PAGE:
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                   RV Water Heater Problems…Again
By Brad Fuller

Warren Petkovsek wrote an excellent article on RV water heater problems. If you haven’t read the article, I suggest that you read it to understand how to maintain your RV water heater. It could save you from being without hot water while on a camping trip.

In Warrens article, he talks about the problem that he had with his water heater on one of his trips and then goes on to explain how he fixed the problem. I recently had a problem with the water heater in my 5th wheel that was somewhat similar to Warren’s problem but with a different solution.

The current 5th wheel that we have has been what I would call a hands on training unit for learning how to fix all of the problems that happen to campers. Just about everything that can go wrong has gone wrong from the very first trip that we took in this 5th wheel. You named it and it has probably broken. Therefore, I think that with all the experience that I have gained I can come close to repairing most anything that might go wrong from now on. If not, at least I can deal with most any situation better than I could when I started out.

One of the problems that we had early on, was a water leak in the cargo area. Water would collect and I would clean it up, look for the leak and not find one. We would go for awhile and not have water and then there it was again. This went on for awhile until finally I found that the water was coming from a very slow drip from the connection on the top of the water heater. Since we were still in warranty, I had the connection replaced by our service dealer rather than do it myself. In the process of having this replaced, I was told that this connection had a one way check valve in it. This piece of information went into my brain and fortunately did not evaporate like so much info does.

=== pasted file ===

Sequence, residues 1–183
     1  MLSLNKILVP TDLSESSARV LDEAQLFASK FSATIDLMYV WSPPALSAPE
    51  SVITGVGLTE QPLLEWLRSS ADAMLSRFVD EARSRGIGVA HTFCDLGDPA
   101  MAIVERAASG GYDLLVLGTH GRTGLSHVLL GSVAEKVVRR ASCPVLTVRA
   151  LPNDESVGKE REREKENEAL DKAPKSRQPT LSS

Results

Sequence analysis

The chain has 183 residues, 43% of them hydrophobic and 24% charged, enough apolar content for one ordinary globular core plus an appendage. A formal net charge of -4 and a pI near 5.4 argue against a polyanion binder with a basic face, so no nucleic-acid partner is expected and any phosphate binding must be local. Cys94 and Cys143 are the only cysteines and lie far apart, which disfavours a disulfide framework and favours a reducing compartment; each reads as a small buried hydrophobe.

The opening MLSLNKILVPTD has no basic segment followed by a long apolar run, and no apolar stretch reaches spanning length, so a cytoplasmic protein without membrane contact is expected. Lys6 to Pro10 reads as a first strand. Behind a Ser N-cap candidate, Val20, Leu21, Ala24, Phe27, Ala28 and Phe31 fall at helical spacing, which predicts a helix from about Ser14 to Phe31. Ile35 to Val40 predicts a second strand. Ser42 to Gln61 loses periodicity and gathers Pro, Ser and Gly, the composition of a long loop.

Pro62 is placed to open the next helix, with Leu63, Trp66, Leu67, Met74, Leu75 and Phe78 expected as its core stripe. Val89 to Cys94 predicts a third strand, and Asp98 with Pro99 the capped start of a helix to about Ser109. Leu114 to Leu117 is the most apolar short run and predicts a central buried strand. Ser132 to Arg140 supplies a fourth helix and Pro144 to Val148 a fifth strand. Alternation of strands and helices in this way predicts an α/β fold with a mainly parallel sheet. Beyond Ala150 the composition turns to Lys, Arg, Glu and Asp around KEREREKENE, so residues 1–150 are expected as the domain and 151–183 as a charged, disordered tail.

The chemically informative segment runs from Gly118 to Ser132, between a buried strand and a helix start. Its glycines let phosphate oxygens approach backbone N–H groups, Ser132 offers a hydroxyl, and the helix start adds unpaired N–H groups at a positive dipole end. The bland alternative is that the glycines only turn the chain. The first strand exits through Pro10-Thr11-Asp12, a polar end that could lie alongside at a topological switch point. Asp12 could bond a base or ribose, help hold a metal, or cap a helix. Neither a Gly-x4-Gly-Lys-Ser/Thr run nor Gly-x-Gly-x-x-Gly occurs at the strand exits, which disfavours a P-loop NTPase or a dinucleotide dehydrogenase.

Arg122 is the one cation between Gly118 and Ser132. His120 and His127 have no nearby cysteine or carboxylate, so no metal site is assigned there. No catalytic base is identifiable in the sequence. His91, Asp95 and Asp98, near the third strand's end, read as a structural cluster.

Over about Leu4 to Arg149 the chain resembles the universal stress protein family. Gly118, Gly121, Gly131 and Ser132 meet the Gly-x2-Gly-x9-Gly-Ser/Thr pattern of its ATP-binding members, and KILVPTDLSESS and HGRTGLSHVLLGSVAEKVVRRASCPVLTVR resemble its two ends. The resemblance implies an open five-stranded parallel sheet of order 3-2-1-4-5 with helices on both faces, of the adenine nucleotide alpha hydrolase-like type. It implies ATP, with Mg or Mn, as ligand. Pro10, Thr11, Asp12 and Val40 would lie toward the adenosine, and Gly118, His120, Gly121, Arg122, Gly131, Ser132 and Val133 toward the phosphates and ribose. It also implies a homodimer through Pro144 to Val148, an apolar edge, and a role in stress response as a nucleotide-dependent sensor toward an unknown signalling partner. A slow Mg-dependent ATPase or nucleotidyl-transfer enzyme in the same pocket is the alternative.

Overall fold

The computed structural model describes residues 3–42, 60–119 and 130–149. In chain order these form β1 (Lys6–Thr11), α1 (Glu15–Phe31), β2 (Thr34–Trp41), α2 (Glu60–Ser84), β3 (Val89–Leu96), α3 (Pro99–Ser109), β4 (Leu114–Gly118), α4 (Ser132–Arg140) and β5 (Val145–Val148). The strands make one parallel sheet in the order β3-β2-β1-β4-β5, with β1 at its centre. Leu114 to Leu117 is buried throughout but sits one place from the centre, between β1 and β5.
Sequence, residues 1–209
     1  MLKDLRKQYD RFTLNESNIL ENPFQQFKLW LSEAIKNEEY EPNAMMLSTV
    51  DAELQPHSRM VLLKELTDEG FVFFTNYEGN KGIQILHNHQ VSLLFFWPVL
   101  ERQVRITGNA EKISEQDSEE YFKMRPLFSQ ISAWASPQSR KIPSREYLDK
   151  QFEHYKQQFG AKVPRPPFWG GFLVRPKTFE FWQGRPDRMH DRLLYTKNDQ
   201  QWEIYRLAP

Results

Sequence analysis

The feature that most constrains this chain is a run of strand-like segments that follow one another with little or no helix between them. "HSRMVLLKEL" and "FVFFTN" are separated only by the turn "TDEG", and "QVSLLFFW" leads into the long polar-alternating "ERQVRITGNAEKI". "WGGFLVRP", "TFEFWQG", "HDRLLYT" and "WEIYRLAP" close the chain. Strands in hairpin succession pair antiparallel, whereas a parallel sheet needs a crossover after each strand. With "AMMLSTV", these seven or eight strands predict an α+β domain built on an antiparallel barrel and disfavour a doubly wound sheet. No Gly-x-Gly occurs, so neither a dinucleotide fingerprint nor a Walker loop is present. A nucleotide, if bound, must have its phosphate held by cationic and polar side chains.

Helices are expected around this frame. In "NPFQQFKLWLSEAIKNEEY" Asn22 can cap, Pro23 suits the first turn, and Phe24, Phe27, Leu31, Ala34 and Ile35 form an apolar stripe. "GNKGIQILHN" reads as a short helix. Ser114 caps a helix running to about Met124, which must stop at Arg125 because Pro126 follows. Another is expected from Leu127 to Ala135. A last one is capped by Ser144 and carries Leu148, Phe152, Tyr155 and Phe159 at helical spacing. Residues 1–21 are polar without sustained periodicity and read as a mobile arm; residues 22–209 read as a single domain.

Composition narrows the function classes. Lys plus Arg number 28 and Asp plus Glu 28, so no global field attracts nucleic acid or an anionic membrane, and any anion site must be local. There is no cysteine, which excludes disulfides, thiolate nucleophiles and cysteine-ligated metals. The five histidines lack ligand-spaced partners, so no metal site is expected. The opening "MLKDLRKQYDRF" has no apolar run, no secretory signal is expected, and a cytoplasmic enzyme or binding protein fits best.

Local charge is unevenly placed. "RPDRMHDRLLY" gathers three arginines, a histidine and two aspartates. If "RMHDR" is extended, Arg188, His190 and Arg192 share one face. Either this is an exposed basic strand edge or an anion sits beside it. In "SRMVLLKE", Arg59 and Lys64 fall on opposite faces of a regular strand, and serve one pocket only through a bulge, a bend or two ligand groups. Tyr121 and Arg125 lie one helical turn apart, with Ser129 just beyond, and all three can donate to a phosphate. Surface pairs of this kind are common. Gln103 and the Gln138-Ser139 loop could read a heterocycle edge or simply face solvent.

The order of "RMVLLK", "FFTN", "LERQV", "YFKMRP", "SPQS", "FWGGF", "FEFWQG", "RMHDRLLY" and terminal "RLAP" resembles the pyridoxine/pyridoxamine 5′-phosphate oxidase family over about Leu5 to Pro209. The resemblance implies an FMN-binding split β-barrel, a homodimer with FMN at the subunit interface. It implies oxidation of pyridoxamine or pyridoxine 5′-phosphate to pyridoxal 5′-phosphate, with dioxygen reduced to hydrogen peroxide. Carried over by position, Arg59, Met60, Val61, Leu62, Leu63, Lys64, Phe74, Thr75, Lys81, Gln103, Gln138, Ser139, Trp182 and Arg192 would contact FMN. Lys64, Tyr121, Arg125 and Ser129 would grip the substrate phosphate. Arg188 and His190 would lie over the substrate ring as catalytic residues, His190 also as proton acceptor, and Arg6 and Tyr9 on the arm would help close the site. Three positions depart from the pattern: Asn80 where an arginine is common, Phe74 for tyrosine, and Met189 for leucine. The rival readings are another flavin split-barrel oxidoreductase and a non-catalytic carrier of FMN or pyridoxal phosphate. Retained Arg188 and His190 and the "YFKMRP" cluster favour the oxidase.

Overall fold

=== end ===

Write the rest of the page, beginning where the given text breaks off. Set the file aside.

So about a month ago, we took a trip out to the Farm Country RV Park in Medina, TX. We arrived late in the afternoon and got the camper setup. I turned the water heater on as usual, then we went to visit some friends in the RV park. When we came back, everything appeared normal until my wife tried to take a shower. She told me that there was no hot water. I told her that I had turned the water heater on but would check to make sure that it was on. My wife then explained that there was not only no hot water but no water coming from the hot water valve. Thinking that it might be operator error, I checked and sure enough, there was no water coming from the hot water side. The cold water side was working just fine!

Well ain’t this just dandy! On going problems with the mother ship. What’s a guy to do? Hey, what about that article that Warren wrote. I bet the answer to my problem lies within that article. It’s too late tonight so I’ll deal with it in the morning. Meanwhile, my wife takes a cold shower but I do without.

Knowing very well, especially from Warren’s article, that sediment can clog up the water system, I suspected that to be the problem. All I would need to do is dump the water tank, clean it out and I’d be back in business. Sometimes things are just not that simple.

Bright and early the next morning I went through the process suggested by Warren. I even suspected that possibly some sediment might have clogged the outlet on the top of the tank. One of my friends in the campground had one of the water tank flush nozzles, so I used that to clean the inside of the water tank. Feeling confident that this was the solution to my problem, I put everything back together and turned the water on and let the hot water tank fill up. I went inside and opened the hot water valve in the kitchen sink. When the air in the line stopped hissing, there was no water flow. Again, the cold water side was just fine!